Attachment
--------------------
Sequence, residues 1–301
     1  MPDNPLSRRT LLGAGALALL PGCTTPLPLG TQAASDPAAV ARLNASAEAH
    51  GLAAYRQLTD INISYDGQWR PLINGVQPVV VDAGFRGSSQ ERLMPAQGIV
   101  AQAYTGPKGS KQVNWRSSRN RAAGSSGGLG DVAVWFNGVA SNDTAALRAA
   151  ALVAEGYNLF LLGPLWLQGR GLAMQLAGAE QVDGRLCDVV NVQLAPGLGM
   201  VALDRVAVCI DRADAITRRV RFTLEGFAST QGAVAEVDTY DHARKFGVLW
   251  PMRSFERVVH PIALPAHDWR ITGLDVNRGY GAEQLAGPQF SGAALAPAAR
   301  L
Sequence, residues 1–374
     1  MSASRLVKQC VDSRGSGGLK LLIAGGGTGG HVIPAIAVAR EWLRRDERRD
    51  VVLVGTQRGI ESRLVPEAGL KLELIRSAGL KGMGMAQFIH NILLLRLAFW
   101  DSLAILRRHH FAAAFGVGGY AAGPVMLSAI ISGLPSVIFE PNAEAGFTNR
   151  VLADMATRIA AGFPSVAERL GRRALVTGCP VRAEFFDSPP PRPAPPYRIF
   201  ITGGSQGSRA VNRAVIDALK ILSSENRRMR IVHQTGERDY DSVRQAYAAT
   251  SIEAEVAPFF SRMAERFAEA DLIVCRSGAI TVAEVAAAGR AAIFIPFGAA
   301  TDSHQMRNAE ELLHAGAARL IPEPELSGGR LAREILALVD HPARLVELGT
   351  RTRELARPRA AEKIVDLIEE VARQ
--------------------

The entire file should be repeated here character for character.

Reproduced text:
Sequence, residues 1–301
     1  MPDNPLSRRT LLGAGALALL PGCTTPLPLG TQAASDPAAV ARLNASAEAH
    51  GLAAYRQLTD INISYDGQWR PLINGVQPVV VDAGFRGSSQ ERLMPAQGIV
   101  AQAYTGPKGS KQVNWRSSRN RAAGSSGGLG DVAVWFNGVA SNDTAALRAA
   151  ALVAEGYNLF LLGPLWLQGR GLAMQLAGAE QVDGRLCDVV NVQLAPGLGM
   201  VALDRVAVCI DRADAITRRV RFTLEGFAST QGAVAEVDTY DHARKFGVLW
   251  PMRSFERVVH PIALPAHDWR ITGLDVNRGY GAEQLAGPQF SGAALAPAAR
   301  L
Sequence, residues 1–374
     1  MSASRLVKQC VDSRGSGGLK LLIAGGGTGG HVIPAIAVAR EWLRRDERRD
    51  VVLVGTQRGI ESRLVPEAGL KLELIRSAGL KGMGMAQFIH NILLLRLAFW
   101  DSLAILRRHH FAAAFGVGGY AAGPVMLSAI ISGLPSVIFE PNAEAGFTNR
   151  VLADMATRIA AGFPSVAERL GRRALVTGCP VRAEFFDSPP PRPAPPYRIF
   201  ITGGSQGSRA VNRAVIDALK ILSSENRRMR IVHQTGERDY DSVRQAYAAT
   251  SIEAEVAPFF SRMAERFAEA DLIVCRSGAI TVAEVAAAGR AAIFIPFGAA
   301  TDSHQMRNAE ELLHAGAARL IPEPELSGGR LAREILALVD HPARLVELGT
   351  RTRELARPRA AEKIVDLIEE VARQ